Fitzgerald further added, “One of the programs we are excited to be working on is our “Branch Out Milwaukee” program - a neighborhood arborist program where we teach people how to plant and maintain trees in neighborhoods where there are not as many trees. We examine the impact trees have on both our health and water quality. In addition, we engage with the community at large to share how trees can benefit neighborhoods. There is a disproportionate amount of trees in certain parts of the city and not as many in
other parts. For Milwaukee to truly become a water-centric city we need to design our programming based on community input. We received information from 1,300-1,500 residents so far. The goal is for the population to have a stake in the health of the water as well as the many benefits that water and nature bring to people. Milwaukee is the first major city with an arborist program aimed at training people to take care of trees and to examine the role that trees play in improving health and quality of life in communities. We aim to make connections and think about ways green spaces and racial justice can be intertwined.”
Emily Mills, Media and Communication Relations Manager for the The Nature Conservancy in Wisconsin further added on the Zoom call, “The Nature Conservancy is a global nonprofit organization. We have chapters in different states, and one of our goals as an organization is to look at ways to both protect land and water as well as provide food and water sustainability for farmers to help them become part of the solution to climate change through knowledge sharing and support. People are engaging in nature a lot more these days and we want people to have access to good outdoor spaces where they can refresh and renew themselves. Partnering with groups like Milwaukee Water Commons will be an essential part of our work to branch out into the city. We are excited because the “Branch Out” that Milwaukee Water Commons is working has tremendous potential to unite communities. It’s pretty awesome.”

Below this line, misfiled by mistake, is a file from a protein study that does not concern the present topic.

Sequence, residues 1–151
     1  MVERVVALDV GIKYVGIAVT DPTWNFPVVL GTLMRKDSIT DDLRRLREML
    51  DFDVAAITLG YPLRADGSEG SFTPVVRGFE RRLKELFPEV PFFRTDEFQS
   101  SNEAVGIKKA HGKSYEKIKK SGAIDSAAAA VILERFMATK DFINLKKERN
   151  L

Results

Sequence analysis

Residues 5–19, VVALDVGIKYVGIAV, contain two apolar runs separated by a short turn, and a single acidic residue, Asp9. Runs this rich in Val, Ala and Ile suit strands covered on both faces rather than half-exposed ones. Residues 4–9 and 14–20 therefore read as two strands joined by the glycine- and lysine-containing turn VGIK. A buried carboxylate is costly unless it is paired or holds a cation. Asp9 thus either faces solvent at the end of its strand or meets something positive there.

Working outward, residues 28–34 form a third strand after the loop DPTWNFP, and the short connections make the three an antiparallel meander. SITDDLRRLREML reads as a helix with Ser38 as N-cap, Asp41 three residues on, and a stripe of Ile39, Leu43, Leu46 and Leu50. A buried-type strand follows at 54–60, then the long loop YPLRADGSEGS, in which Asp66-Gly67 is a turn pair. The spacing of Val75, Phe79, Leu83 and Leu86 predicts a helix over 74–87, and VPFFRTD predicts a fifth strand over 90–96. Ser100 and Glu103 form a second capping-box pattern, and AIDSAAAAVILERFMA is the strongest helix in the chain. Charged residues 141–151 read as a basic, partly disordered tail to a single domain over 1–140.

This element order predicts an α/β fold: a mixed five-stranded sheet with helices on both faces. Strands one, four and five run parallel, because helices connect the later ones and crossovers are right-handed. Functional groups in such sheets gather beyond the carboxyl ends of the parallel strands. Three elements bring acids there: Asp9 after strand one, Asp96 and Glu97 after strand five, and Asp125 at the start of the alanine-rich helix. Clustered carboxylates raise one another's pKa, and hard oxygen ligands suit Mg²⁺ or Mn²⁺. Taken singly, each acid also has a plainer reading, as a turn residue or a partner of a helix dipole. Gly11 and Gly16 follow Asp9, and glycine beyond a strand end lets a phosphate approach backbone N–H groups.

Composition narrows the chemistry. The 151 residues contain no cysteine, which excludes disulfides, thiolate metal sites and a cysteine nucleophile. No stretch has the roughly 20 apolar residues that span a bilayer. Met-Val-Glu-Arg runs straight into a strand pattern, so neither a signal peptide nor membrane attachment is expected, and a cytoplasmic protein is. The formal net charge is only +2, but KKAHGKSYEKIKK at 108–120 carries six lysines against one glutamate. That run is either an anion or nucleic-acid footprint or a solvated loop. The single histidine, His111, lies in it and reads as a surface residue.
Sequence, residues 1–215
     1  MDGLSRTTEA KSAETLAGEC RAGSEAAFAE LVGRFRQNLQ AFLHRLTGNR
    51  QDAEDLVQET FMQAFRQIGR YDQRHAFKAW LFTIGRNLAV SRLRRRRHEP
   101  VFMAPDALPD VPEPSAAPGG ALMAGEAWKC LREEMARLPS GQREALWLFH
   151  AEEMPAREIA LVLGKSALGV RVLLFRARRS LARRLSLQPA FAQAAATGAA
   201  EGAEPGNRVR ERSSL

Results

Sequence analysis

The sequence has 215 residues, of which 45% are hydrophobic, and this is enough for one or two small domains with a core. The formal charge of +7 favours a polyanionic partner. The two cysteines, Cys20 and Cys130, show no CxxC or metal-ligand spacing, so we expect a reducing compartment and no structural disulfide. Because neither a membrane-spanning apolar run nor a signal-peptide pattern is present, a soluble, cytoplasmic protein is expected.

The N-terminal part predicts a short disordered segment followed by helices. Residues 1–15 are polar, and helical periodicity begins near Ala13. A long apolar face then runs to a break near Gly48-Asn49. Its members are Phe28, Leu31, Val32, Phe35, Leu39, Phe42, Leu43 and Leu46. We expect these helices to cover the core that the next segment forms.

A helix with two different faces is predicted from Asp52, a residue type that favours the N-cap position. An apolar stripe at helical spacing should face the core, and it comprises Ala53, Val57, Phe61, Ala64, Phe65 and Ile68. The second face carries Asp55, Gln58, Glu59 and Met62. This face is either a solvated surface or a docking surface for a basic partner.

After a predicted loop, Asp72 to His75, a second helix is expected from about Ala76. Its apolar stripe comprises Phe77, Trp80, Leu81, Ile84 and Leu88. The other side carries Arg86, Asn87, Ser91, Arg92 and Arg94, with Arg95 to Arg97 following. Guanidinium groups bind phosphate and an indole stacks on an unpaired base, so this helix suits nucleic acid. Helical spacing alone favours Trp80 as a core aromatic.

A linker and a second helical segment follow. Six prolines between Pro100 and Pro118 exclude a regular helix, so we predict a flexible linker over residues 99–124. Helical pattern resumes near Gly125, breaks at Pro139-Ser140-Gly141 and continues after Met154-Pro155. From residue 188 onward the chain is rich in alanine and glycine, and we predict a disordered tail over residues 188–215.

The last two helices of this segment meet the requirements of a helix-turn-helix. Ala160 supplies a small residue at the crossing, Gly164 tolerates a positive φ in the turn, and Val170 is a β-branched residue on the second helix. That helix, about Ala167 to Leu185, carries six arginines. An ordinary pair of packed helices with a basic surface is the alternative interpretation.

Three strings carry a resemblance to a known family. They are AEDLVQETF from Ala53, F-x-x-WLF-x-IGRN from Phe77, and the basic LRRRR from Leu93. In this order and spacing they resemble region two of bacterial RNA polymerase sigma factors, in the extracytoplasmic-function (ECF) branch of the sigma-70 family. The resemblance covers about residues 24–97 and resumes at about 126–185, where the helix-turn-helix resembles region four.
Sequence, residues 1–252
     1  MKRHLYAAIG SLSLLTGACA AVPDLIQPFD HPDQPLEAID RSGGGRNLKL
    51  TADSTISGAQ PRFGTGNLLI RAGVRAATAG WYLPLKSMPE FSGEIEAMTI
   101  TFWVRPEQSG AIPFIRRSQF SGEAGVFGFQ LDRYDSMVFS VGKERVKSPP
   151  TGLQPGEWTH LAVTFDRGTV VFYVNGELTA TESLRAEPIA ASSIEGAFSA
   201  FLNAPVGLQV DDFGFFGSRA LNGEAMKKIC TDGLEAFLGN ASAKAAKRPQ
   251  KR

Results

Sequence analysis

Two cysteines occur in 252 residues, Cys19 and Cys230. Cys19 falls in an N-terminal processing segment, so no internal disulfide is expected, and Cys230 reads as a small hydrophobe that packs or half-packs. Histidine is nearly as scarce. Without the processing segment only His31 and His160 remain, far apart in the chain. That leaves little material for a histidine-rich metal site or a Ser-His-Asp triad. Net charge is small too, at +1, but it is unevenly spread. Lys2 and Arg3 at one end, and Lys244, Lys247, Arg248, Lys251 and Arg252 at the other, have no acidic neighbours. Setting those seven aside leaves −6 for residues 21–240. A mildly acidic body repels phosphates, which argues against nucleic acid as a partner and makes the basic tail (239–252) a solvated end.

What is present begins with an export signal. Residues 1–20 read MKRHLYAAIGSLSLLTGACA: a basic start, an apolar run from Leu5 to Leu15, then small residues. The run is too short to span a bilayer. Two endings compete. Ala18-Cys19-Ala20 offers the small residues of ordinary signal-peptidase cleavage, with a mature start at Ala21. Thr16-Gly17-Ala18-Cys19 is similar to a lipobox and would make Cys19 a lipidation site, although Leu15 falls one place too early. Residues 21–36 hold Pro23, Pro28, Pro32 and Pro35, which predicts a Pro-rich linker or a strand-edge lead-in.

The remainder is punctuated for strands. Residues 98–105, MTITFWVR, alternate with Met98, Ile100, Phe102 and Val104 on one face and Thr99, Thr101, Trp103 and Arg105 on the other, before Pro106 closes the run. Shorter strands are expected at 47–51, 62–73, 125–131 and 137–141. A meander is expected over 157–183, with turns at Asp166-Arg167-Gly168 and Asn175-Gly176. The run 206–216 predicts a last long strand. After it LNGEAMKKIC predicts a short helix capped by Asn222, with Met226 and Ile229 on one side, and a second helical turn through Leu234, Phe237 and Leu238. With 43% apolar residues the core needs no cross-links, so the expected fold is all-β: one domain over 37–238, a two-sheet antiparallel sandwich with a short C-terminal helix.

Fitzgerald continued, “Some of our key goals are to examine water quality, drinking water, green infrastructure, blue/green employment and the relationship between water and the arts and culture of our city. Water is a great resource and a great unifier.”
Reflecting on the importance of Milwaukee Water Commons’s work in the city, Dan Wolff shared, “during this time we are all asking ourselves the question, ‘What do I need to feed me?’ The beauty of nature is something that matters so much.” Sarah Vos added, “With the pandemic, maybe people will stop and realize the real effects that our actions have on our environment and our communities. It is good that people are thinking about these things now more than ever.”
Check out the amazing sounds of Dead Horses, who will be performing as a trio along with their drummer Jamie Gallagher live from on July 23 @ 7pm CDT. This week’s Rock the Stream will be performed live from The Barn with the world-famous Pedal Power Stage and a socially-distanced team of seven riders keeping the music going! We hope you tune in and support an amazing band and a fabulous cause.
Please consider donating to support Dead Horses & Milwaukee Water Commons
Funding format:100% of the funds donated from the live-streams are split equally between the musician and nonprofit. The nonprofit partner accepts the donations and distributes half to the artist.